Irish start-ups have little to fear from Trump presidency, says Minister
Benefits to business links ‘work both ways’ for US and Irish economy
Actor Michael Fassbender takes part in the Made in Austin: A Look Into “Song To Song” panel discussion during the SXSW festival in Austin, Texas. Photograph: Michael Loccisano/Getty Images
Beginning a four-day trade visit to the US in Austin, Texas, Mr Breen is here to show his support for the 11 participating Enterprise Ireland tech startups who have made the trip this year to the burgeoning trade fair which takes place at SXSW, the annual conglomerate of film, interactive media, and music festivals and conferences.
“Trump is a businessman at the end of the day,” said Mr Breen. “We are the only country that is shown this unique hospitality and recognition through the special event held at the White House every year on St Patrick’s Day.” Because this tradition is being continued by the Trump administration, Irish business should not have undue cause for concern, according to the Minister.
“The US president has a presence in Ireland, in my own constituency in Co Clare. It’s a resort which employs 230 people in a very geographically disadvantaged area and he plans to grow the business there. He’s a businessman, that’s what he understands and that is key.”
Asked about Taoiseach Enda Kenny’s upcoming meeting with Mr Trump, the Minister said the two would get on fine. “Obviously the Taoiseach will be raising the hugely important issue of undocumented Irish immigrants, which affects so many within our diaspora. There’s no reason to think the Taoiseach will be anything but open and honest with President Trump on any and all issues.”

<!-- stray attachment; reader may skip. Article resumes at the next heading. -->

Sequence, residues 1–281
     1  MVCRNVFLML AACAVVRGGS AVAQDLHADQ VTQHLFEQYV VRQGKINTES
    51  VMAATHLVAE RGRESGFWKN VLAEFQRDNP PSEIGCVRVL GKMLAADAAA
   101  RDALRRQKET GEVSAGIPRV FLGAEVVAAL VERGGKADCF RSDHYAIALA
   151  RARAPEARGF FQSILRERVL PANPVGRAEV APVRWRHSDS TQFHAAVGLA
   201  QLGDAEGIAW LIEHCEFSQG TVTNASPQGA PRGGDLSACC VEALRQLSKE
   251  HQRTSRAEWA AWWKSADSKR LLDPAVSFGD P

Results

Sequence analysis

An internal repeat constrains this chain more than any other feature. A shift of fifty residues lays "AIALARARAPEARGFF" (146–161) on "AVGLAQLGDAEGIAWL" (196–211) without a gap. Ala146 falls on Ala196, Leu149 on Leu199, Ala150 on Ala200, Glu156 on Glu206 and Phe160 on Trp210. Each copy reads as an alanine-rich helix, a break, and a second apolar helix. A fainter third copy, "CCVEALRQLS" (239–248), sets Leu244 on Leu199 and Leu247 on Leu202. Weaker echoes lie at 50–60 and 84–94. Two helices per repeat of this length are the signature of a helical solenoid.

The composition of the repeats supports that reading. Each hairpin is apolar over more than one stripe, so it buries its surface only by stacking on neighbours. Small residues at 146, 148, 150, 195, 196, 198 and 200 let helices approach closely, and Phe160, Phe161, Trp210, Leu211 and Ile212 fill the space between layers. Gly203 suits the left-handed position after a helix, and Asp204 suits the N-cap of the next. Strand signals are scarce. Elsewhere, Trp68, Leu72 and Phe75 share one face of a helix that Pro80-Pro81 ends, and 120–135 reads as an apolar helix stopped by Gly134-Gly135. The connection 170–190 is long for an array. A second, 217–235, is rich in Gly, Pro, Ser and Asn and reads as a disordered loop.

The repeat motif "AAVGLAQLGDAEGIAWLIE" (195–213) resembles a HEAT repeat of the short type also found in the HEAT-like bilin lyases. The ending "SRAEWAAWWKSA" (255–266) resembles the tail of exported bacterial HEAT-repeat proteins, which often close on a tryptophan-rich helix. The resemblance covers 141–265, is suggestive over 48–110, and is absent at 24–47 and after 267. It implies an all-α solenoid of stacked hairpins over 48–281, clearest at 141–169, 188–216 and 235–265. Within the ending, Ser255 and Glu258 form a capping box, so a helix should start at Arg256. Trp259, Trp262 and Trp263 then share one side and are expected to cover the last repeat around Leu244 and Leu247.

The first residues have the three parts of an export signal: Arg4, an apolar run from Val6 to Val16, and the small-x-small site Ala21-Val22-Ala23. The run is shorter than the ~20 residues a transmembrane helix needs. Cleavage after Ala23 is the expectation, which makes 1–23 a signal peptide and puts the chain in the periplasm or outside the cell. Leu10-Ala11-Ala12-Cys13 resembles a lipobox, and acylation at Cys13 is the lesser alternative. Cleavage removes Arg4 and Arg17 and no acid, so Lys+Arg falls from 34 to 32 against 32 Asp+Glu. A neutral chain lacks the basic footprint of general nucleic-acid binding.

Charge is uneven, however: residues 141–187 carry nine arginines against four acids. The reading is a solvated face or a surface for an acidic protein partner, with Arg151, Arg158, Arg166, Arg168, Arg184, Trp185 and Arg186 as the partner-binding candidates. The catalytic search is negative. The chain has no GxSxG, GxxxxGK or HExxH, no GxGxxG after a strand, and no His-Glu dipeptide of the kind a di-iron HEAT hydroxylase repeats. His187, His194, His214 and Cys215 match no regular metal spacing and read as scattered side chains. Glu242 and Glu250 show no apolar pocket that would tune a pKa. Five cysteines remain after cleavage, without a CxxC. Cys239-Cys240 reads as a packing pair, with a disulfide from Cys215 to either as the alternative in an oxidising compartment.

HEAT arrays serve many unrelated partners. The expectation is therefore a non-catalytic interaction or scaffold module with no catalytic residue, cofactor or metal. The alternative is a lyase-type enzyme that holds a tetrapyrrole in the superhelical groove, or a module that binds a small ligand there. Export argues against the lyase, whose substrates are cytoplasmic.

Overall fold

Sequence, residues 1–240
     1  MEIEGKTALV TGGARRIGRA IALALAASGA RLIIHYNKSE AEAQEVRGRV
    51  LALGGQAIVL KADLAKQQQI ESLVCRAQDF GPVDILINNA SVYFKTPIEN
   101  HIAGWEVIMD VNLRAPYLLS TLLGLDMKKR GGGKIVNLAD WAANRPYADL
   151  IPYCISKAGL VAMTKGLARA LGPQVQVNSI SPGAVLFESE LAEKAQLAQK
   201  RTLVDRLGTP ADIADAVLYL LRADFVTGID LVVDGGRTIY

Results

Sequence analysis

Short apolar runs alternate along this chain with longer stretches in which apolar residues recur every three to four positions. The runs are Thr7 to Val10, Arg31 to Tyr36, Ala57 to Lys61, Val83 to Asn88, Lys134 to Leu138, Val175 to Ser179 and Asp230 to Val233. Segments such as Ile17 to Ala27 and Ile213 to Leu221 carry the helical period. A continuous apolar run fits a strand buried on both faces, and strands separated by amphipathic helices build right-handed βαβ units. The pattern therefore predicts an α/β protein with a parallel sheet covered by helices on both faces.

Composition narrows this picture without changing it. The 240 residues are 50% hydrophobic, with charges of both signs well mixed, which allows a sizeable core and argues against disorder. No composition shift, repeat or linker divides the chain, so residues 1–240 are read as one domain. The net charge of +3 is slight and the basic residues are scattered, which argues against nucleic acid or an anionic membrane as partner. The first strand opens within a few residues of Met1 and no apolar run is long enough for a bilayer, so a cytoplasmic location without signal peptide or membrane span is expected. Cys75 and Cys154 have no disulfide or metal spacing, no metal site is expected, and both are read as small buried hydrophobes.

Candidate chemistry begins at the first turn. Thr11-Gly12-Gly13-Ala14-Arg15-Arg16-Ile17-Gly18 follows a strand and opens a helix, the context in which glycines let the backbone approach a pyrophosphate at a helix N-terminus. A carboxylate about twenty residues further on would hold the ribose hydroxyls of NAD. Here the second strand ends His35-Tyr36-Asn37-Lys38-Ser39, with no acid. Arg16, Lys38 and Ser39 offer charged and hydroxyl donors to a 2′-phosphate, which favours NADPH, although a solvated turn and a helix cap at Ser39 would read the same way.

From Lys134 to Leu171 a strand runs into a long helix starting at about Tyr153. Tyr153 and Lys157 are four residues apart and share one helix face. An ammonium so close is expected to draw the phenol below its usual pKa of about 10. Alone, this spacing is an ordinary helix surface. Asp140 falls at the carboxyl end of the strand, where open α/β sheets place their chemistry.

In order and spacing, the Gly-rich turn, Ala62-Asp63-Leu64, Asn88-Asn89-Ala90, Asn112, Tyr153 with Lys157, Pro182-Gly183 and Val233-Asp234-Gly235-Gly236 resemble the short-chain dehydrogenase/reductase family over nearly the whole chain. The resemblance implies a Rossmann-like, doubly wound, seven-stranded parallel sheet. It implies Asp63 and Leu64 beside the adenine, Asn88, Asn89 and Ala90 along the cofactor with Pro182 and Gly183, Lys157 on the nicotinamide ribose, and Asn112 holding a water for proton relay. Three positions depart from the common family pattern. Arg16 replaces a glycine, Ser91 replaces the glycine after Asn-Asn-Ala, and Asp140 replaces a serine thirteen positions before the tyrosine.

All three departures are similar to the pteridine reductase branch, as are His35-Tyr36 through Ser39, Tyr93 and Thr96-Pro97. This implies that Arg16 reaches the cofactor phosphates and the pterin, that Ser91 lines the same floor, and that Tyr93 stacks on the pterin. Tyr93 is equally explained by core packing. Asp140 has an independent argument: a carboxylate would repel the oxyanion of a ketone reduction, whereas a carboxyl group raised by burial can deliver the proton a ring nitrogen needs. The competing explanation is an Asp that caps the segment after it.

Mr Breen cited the two-way economic traffic between Ireland and the US as evidence that further economic ties were beneficial to both countries. “There are currently 600 Irish companies in the US employing over 84,000 people here. So it’s incorrect to think the US doesn’t have a vested interest in maintaining strong economic ties with us.”
The Trump presidency is a constant theme of the festival this year, with up to 20 “Tech Under Trump” sessions scheduled for the coming week.
“I hope the new administration is critical of what they see and hear at this year’s event,” SXSW director of programming Hugh Forrest told The Irish Times. “There are still a lot of unanswered questions regarding Trump’s tech and innovation policy.”
The crowd don’t seem to object. “Politics is at the heart of every aspect of American society so it doesn’t surprise me that a president as controversial as Donald Trump would be a major focus at SXSW, one pundit said. “He was going to come up in most panel discussions anyway, so why not just make it official?” said another.
However the issue of visas is haunting the festival. Brooklyn band Told Slant has pulled out of the SXSW music festival programme in protest against a contractual clause allowing the event’s organisers to notify US immigration if international artists were found performing at unofficial showcases while in Austin.
While SXSW authorities have agreed to remove the controversial deportation clause in its artist contracts “for 2018 and beyond” it is too late for Italian band Soviet Soviet who were denied entry to the US last Wednesday and deported back to Italy the next day, despite reportedly having all the necessary documentation and being an official SXSW showcasing artist.
On the band’s Facebook page the Italian three-piece claimed they were detained overnight, interrogated for four hours by US immigration authorities in Seattle, only to ultimately be refused entry based on the suspicion they would be generating revenue from the gigs they had lined up while in the US.